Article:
ASIC is bringing in lawyers to see if it accidentally assisted insider trading.

The Australian Securities and Investment Commission’s website was last year found to have a flawed search tool that allowed people to access all ASIC documents sent to any email address.

The search box required no identification, and potentially allowed to spy on the company research of private equity investors, using only their email address.

ASIC has informed 770 people that their records were forwarded to another email account.

There are concerns that the tool was used to reveal companies that were being targeted for mergers, which could be used to create a competitive advantage.

Additionally, looking at which documents were sent to journalists could have revealed upcoming scandals or wrongdoing.

Given that one of ASIC’s jobs is to prevent insider trading, it has been slammed for taking months to fix the flaw.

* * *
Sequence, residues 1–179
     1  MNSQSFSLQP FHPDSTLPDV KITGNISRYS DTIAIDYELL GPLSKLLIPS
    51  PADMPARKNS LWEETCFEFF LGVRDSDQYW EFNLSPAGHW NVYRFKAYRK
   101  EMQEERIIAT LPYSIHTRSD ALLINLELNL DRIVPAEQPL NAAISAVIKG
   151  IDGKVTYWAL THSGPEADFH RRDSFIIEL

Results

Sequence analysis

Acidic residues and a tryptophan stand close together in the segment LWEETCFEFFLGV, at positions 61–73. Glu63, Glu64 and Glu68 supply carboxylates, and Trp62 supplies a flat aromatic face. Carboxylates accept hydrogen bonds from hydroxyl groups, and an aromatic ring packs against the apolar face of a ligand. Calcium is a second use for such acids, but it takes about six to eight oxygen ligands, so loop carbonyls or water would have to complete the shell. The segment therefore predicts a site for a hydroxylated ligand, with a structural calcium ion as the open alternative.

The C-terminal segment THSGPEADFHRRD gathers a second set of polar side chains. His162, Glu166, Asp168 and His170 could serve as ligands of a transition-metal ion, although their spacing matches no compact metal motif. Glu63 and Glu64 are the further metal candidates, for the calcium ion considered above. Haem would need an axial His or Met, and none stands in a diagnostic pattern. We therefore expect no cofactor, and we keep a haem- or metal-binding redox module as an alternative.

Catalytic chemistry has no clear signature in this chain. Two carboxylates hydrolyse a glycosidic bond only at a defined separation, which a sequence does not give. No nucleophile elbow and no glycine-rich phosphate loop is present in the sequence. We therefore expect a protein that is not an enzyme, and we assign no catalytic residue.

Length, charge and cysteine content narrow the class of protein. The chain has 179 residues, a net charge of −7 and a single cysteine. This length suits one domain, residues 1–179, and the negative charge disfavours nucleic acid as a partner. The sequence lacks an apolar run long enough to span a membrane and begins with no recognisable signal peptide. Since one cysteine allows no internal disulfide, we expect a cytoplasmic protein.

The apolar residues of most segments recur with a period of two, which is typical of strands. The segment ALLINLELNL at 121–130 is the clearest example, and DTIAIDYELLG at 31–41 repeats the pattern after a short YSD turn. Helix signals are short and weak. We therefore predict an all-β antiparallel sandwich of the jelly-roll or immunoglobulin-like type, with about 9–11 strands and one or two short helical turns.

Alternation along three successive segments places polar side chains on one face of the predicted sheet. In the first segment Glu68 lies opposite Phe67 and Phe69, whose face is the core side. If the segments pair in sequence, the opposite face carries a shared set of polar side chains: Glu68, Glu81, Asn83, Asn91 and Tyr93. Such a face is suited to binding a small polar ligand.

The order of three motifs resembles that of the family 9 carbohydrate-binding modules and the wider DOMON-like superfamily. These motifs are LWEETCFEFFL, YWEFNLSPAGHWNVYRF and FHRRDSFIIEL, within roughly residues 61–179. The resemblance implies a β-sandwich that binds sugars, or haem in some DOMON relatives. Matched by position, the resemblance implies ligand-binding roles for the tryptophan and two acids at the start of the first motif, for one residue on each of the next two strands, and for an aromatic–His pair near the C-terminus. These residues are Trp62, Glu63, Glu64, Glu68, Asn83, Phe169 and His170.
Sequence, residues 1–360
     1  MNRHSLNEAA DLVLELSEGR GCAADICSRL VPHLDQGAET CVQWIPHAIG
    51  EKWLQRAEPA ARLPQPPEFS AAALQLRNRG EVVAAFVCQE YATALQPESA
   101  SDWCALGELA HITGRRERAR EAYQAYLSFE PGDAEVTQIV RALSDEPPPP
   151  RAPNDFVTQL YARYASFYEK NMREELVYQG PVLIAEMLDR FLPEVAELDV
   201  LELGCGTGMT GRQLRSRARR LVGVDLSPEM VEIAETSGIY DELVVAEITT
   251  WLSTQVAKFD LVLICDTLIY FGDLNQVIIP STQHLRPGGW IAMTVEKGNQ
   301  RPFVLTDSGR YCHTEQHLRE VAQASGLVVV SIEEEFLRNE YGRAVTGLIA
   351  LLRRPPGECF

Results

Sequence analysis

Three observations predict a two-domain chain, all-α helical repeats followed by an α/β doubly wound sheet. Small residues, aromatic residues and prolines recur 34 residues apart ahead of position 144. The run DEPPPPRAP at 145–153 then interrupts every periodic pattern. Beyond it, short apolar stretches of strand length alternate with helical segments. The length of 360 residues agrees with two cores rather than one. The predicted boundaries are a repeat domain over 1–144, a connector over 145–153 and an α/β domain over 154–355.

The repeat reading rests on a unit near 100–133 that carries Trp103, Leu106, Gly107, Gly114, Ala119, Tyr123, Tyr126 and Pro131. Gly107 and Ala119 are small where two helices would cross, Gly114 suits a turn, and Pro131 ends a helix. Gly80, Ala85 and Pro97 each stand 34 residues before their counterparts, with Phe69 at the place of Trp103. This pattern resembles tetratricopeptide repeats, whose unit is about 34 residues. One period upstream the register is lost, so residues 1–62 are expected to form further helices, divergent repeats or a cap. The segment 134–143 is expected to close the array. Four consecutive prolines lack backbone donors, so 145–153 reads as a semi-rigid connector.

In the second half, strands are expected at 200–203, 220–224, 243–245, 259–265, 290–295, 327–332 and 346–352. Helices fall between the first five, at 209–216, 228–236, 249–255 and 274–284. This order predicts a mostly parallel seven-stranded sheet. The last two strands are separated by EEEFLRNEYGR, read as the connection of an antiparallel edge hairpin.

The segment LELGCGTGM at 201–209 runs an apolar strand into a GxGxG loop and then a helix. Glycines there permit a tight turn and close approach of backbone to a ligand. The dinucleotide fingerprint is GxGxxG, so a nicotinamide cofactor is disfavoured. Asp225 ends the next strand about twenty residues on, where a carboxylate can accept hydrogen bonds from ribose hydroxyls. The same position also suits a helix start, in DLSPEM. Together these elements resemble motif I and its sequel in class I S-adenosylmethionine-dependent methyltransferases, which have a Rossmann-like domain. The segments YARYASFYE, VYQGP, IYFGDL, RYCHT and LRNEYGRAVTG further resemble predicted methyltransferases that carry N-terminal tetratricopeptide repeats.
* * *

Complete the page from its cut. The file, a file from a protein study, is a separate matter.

“We do not view this as being OK,” ASIC commissioner John Price told a recent parliamentary inquiry.

“Just the mere fact of being able to view what searches people have done, in our view, may well constitute a breach of privacy.

“If someone knew another person's email address and could see what they've searched, you might be able to draw inferences depending on what their profession was,” Mr Price said.

ASIC commissioner Cathie Armour said the regulator has brought in Australian Government Solicitors to test the concerns “from a market surveillance perspective”.